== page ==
New name, decor, and menu a hit
For the last 16 years, Cathy Ribeck of Lowell has been a familiar and welcoming sight as general manager of Vincenzo’s Restaurant in Chelmsford, asking about patrons’ families while greeting them at the door, taking orders, serving meals, and clearing dishes.
Last May, she added yet another responsibility: co-owner, with retired Dracut Police Department patrolman Bill Dubois of Lowell.
Ribeck, who changed the restaurant’s name to Rufina’s in July, said she is overjoyed that so many regular customers continue to return. She has also worked tirelessly to attract new diners through Facebook, fund-raisers, and promotions such as ladies’ night (20 percent off entrees) on Thursdays.
“You have your worries and concerns when you take over a restaurant that’s been in business for 30 years,’’ Ribeck said. “But now I’m so excited and happy. I’m home here.’’
Longtime patrons likely notice some of Ribeck’s personal touches, such as new paint colors in the lounge and function room, and bright flower artwork in place of the dark and somewhat stern portraits that used to hang in the still deep-red dining room. However, the wait staff is the same, as is longtime chef Rob Neely, whom Ribeck has encouraged to experiment with recipes. Many of his new dishes, first served as specials, have become long-term menu items.
One such example, the vongole al imbottito ($8) appetizer, was being served as a special when our four-person party visited on a recent Friday night. The two baked quahogs overflowed with a stuffing of fresh chopped sea clams, celery, carrots, onion, Tabasco sauce, and panko bread crumbs drizzled with herb lemon and white-wine butter sauce. Because they are so large, they require 10 full minutes to cook - longer than other appetizers, but worth the wait.
Our second appetizer, calamari di peperone ($10), wasn’t the typical fried variety because Rufina’s does not have a fryolator. Instead, the tender seafood was sautéed with sweet cherry peppers, pepperoncini, banana peppers, and a pinch of red pepper flake. It was served with four wedges of garlic toast that were perfect for sopping up the garlic and white-wine broth.
Unbeknownst to us at the time, the diner who ordered the risotto di aragosta ($26) enjoyed one of its last remaining days on the summer menu. The dish was a creamy combination of chunks of lobster meat sautéed with shallots and slivered asparagus, and tossed with Arborio rice infused with roasted tomatoes and Parmesan cheese. Ribeck said it may occasionally run as a special, but it has been replaced on the fall menu by lobster mac and cheese ($24), chunks of fresh lobster meat sautéed and tossed with penne pasta in a creamy blend of three Italian cheeses and baked with a panko crumb topping.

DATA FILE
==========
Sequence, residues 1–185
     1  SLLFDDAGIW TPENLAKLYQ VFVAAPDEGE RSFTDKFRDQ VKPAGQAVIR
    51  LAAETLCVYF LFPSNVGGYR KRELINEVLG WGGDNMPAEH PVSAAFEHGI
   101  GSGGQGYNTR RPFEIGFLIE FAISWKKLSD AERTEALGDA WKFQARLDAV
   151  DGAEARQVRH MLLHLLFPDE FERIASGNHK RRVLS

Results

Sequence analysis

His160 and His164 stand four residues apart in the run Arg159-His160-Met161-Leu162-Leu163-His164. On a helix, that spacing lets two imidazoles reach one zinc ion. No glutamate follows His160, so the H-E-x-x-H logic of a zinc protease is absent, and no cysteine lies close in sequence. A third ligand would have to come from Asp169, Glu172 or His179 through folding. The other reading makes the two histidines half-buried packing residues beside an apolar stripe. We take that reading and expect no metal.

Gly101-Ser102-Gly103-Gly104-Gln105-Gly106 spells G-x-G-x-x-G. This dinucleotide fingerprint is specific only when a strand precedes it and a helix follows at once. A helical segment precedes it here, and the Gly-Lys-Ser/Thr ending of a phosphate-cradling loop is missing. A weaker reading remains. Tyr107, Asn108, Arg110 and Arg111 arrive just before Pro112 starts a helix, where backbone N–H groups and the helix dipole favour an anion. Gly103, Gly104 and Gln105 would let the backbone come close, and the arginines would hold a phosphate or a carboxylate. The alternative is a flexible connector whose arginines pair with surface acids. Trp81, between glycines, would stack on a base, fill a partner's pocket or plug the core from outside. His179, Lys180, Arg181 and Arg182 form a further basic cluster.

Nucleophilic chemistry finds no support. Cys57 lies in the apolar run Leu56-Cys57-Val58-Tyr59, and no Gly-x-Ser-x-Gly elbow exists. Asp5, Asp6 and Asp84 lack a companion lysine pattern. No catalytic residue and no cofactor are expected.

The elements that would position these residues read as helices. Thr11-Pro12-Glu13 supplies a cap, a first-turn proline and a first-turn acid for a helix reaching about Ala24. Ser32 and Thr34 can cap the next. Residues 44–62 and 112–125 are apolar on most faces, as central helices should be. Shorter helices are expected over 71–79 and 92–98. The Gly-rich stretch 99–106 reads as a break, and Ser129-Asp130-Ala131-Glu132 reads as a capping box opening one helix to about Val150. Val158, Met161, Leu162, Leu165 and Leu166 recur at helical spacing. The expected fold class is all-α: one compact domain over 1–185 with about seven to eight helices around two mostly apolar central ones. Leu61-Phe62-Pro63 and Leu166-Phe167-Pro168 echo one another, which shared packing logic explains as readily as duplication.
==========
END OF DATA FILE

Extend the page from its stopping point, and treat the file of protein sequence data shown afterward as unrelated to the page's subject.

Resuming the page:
The salmone affumicato ($21) was a perfectly pan-roasted, flaky salmon filet beneath criss-crossed, thin asparagus spears with grilled vegetable ravioli. The dish was finished with a chunky pomodoro sauce of tomatoes, which Neely house-smokes with applewood chips.
The greco di angelo with shrimp ($18) consisted of angel-hair pasta sautéed with tomatoes, kalamata olives, and capers in a lemon, white-wine oregano sauce with crumbled feta cheese. The dish, which was chock-full of 10 shrimp, may alternatively be served with chicken ($16) or salmon ($19).
The gamberi al pesto ($19) is tender shrimp sautéed with mushrooms and sweet peas, tossed with angel-hair pasta and finished in a creamy basil pesto sauce. On the fall menu, according to Ribeck, this dish is now called linguine fini al pesto, offered with shrimp ($18) or salmon ($19).
For dessert, the zabaglione ($7) was an exceptionally airy, white chocolate mousse whipped with marsala wine and topped with chocolate shavings (which had been mini chocolate chips on the former Vincenzo’s menu). The Oreo cookie pie ($5) was served at the perfect temperature and drizzled in thick, high-quality hot fudge.
All desserts are made on site, with the exception of the cannoli shell, which encases homemade cannoli cream. In fact, according to Ribeck, everything outside of the pasta is made from scratch. Gluten-free pasta is available for those who request it.
“It’s a lot of work, but it’s all about listening to what people want and need,’’ she said. “We want people to be just as impressed, if not more impressed, with the food quality and service than they ever were.’’